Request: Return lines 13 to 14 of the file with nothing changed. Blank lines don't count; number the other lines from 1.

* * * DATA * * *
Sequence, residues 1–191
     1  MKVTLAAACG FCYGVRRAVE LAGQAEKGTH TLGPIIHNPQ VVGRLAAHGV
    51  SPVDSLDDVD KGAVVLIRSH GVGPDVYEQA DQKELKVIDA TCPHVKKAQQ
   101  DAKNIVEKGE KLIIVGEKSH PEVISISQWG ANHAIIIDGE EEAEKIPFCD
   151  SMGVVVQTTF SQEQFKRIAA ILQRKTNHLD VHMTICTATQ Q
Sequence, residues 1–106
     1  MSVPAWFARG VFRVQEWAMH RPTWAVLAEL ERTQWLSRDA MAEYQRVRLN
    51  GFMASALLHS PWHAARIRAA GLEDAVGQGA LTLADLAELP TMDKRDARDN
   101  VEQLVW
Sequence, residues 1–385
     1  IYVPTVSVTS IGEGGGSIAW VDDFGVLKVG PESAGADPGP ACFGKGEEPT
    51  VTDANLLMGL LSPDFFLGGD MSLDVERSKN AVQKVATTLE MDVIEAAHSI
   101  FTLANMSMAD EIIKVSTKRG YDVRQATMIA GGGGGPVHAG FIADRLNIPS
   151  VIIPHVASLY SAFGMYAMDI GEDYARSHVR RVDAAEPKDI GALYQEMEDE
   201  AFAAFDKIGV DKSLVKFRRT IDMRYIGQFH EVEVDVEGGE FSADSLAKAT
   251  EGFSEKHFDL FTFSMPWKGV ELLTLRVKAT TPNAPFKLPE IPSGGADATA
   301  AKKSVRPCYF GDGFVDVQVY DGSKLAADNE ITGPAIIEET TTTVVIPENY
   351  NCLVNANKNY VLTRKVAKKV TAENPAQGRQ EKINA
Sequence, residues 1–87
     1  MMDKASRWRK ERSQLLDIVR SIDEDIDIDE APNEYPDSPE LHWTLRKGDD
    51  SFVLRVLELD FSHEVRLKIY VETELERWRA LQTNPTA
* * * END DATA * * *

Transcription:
   101  FTLANMSMAD EIIKVSTKRG YDVRQATMIA GGGGGPVHAG FIADRLNIPS
   151  VIIPHVASLY SAFGMYAMDI GEDYARSHVR RVDAAEPKDI GALYQEMEDE